The first reported case to consider section 17.50(c) was Bray v. Curtis, 544 S.W.2d 816 (Tex.Civ.App.-Corpus Christi 1976, writ ref'd n.r.e.). The trial court in that case submitted a single question to the jury inquiring whether DTPA claims were groundless and brought in bad faith. The jury answered the question negatively. The court of appeals did not address whether the issues were properly for the court or jury.
The first reported case to consider whether the factors under section 17.50(c) are to be determined by the court or the jury is O'Shea v. International Business Machines Corp., 578 S.W.2d 844 (Tex.Civ.App.-Houston [1st Dist.] 1979, writ ref'd n.r.e.). The jury in that case found that the DTPA claims were groundless and brought in bad faith or for the purpose of harassment. On appeal, the plaintiff complained that the trial court erred in submitting these issues to the jury. We set out the appellate court's entire analysis of the plaintiff's complaint:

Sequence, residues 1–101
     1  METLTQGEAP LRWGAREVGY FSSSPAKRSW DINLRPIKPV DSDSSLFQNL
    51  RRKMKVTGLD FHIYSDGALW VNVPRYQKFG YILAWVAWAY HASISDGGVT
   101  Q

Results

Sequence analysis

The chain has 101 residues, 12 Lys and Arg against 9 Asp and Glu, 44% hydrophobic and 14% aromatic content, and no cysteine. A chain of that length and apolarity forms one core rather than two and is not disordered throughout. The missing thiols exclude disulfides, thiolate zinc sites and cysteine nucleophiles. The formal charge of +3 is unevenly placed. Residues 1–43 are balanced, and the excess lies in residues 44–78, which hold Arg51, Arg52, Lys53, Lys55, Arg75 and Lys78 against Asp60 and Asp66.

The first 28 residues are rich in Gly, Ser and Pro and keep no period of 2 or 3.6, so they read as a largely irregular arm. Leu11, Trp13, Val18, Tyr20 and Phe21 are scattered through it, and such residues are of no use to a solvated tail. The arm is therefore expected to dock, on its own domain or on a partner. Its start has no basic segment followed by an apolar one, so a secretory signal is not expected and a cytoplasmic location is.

A law review article dealing with this point says, with very little discussion, that undoubtedly this is not an issue for the jury. A well written article by William Dean Leikam, Woods v. Littleton; Consumerism Comes of Age, 18 South Texas Law Journal 477 (1977), states the following:
The test that Section (c) provides is a two-pronged one: the action must be groundless and brought for the purpose of harassment. Section (c) further states that "on a finding by the court" that the action was groundless, the court can award to defendant reasonable attorney's fees. It would appear from the wording of the article, at least from a defense standpoint, that this is a finding that must be made by the court, perhaps on motion by the attorney, but it is not an affirmative defense and does not have to be plead and proved as such. It most certainly is not an issue for the jury. From the plaintiff's standpoint the opposite stance would be true. It would be especially desirable from the plaintiff's view, if the case has any merit at all, to magnify the great prejudicial effect produced by a large corporate defendant